the axis of the adjacent valley sides and the ridge. This is a distinct, linear, high-angled fault scarp
wall, which reaches its maximum height on the moorland plateaux and reduces gradually along the
valley sides, eventually petering out on the lower slopes, although the fault is likely to continue
along the floors of Greenfield and Uppermill valleys.
There is a thin cover of soil and moorland vegetation on the face of the scarp, although there are
occasional exposures of sandstone that have been mechanically and chemically altered to produce
weak clay–sand, with cobbles of coarse sandstone. This possibly represents fault gouge, but it is not
possible from the exposures to identify the thickness or extent of gouge. Striations, or
‘slickensides’, are rare, but found exposed on a single sandstone cobble (Fig. 4). These represent
non-penetrative smoothed and polished surfaces that develop on rock mass discontinuities, where
relative shear surfaces, in physical contact, slide pass each other. Fine-grained siliceous crystal
growths (possibly silica) and fibrous veins developed from subsequent mineral depositions from
fluid flow within the fault zone. Slickensides give an indication of the direction of movement of the
fault. The slickensides were oriented approximately parallel to the strike direction of the fault scarp.
This is somewhat confusing and not fully understood, as the fault scarp suggests that vertical slip
took place. The slickensides may therefore represent phases of tectonic fault reactivation, and not
the last phase of movement along the fault. This suggests that the fault may have a complex
reactivation (tectonic and post-glacial) history.

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Fig. 4
(a) Alderman's Hill fault scarp, c. 700 m long and up to 4 m high. (b) Reduction in the height of the
fault scarp along the upper valley sides. (c) East–west, horizontal slickensides and fault gouge
exposed in weathered Kinderscout Grit, on the face of the fault scarp wall.

Subsidence and fissures
Subsidence above fissures has developed mainly parallel and, to a much lesser degree, oblique or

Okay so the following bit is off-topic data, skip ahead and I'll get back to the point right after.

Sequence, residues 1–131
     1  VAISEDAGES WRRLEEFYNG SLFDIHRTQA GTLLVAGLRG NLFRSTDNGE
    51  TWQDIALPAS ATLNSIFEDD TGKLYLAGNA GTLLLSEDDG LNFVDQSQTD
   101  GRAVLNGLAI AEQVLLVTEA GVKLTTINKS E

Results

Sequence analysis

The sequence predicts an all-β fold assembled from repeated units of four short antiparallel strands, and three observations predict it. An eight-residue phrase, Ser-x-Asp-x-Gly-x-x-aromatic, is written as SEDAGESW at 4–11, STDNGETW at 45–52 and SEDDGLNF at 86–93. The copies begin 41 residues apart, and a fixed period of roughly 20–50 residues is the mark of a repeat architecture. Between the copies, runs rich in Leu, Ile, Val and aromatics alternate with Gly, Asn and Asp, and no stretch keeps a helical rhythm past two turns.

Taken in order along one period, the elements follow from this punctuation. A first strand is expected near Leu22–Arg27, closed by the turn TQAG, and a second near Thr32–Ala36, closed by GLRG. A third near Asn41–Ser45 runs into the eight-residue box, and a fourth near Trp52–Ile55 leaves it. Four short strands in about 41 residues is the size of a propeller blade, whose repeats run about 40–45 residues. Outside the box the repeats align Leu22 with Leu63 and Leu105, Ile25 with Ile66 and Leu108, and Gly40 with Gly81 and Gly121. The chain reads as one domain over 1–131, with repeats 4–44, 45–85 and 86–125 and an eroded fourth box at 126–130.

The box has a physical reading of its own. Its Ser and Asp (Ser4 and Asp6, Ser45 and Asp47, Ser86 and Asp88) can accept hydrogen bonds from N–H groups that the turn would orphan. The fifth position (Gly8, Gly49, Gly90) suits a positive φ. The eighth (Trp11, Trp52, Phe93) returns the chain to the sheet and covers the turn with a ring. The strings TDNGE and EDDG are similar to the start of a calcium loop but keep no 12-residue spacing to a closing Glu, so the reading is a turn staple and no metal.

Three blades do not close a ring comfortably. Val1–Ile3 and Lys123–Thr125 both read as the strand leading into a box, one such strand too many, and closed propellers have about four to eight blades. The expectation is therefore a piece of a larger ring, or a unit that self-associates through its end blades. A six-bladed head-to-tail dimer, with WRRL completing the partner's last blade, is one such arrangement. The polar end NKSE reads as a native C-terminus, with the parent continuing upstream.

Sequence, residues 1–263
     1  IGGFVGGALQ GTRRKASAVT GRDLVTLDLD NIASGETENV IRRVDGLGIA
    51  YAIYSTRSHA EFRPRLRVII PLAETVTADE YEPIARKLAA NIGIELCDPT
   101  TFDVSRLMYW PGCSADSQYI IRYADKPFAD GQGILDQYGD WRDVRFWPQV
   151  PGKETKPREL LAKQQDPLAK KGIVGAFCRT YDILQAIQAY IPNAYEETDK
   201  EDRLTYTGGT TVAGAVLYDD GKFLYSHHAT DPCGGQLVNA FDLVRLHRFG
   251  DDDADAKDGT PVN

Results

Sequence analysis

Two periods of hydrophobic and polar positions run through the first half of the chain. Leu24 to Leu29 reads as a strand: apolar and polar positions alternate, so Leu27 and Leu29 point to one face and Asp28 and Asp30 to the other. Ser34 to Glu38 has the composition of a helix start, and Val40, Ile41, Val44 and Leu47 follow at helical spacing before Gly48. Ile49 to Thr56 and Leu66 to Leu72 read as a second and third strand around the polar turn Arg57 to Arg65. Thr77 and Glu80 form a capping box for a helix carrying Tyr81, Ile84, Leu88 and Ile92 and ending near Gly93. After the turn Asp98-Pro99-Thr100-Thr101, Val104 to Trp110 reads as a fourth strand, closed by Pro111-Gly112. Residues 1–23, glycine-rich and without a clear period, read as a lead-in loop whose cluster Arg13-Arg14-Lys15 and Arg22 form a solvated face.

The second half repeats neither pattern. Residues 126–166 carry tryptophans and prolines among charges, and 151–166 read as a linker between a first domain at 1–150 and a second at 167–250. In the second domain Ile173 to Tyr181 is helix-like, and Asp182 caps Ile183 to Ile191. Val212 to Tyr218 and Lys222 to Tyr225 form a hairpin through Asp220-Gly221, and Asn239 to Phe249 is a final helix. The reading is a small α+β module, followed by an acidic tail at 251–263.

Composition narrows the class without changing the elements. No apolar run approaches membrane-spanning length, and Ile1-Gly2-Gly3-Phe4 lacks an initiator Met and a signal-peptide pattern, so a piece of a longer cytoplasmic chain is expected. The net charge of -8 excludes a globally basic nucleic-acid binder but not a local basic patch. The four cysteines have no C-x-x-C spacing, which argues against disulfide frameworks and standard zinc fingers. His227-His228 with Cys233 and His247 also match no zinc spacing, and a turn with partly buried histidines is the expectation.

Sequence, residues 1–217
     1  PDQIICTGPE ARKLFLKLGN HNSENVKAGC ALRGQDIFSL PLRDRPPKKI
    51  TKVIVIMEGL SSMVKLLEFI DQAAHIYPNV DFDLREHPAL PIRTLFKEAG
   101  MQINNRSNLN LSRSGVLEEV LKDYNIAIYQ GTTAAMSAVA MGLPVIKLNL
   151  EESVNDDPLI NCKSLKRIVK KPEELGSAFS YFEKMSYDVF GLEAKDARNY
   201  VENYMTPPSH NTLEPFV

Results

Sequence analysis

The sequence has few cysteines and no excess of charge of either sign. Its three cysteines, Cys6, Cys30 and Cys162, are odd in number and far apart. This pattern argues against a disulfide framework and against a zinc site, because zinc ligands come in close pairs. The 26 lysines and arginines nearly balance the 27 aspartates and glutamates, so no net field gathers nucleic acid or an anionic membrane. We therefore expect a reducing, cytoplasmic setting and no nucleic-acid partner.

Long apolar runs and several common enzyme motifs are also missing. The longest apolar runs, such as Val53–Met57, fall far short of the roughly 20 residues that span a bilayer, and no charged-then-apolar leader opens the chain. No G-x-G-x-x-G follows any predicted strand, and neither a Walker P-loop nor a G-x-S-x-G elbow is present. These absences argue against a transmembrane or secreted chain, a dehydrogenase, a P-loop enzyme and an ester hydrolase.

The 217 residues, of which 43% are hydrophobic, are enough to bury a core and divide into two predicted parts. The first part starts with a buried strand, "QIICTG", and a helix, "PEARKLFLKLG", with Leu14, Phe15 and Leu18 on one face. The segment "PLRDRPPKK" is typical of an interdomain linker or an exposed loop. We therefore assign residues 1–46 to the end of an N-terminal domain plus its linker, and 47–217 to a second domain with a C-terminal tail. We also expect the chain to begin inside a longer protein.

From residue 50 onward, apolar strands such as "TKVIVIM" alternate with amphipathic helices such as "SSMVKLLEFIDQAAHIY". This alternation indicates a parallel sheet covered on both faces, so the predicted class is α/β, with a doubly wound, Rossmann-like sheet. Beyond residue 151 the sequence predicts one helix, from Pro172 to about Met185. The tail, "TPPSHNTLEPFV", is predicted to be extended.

subparallel to the valley sides. The fissures occur as conjugate sets, or in boxwork and sawtoothshaped networks (Fig. 5). In places, they form interconnecting, subsurface void systems that
continue underground for considerable distances. The principal fissure on Alderman's Hill has a
north–south trend, and is located along the central axis of the ridge. It runs perpendicular to, and
commences about 50 m south of the fault scarp. It can be traced for a distance of at least 50 m. The
fissure where exposed is c. 1 m wide and it extends underground for an unknown distance. It is
frequently bridged by a cover of moorland vegetation and thin soil that masks its presence on the
ground, making access across this part of moorland particularly hazardous. In places, the roof and
sidewalls of the fissures have fallen into the void to generate elongate subsidence depressions,
circular sinkholes up to 2 m in diameter and elongate subsidence troughs up to 50 m long. Where
strong, bedded, sandstone roof rocks have not collapsed, the subsurface position of the fissures may
be traced by the gentle subsidence (down-warping) of the ground. Along the valley crest other
fissures have been observed but these have been influenced by cambering and the downslope
transportation of sandstone blocks, probably facilitated by cambering. Historical, non-technical
archive information (from the early nineteenth to early twentieth century) documents the presence
of the Alderman's Hill fissures (referred to locally as ‘fairy holes’ (pers. comm. The Saddleworth
Archaeological Trust), and other fissure networks on moorland plateaux. One of the historical
accounts provides a cross-section sketch showing the geometry of the fissures, but the fissures
cannot now be entered without appropriate confined-space training and roped access. In the late
nineteenth century and early twentieth century the fissures were incorrectly interpreted as
originating by water erosion and were compared with ‘caves’ in limestone found in other parts of
the (Derbyshire and Yorkshire) Pennines (Butterworth1828; Bradbury 1871; Brodrick 1902).

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Fig. 5
Alderman's Hill fissure network (known locally as ‘fairy holes’) exposed on moorland plateaux. (a)
View to the south, towards the summit of Alderman's Hill, showing the linear subsidence
depression, caused by the collapse of the strong sandstone beds (seen upturned) into the fissure. (b)
View to the north, showing the subsidence depression above the principal fissure; the east-west
trending fault scarp may be seen in the background. (c) Dilated joints in the strong, well-jointed,
Kinderscout Grit, exposed on Alderman's Hill summit tor. (d) The entrance to ‘fairy holes’, a dilated
joint caused by the lateral spreading of the moorland plateaux, during deglaciation of the valley
sides and gravitational stress relief. (e) Schematic illustration to show the dilation of joints during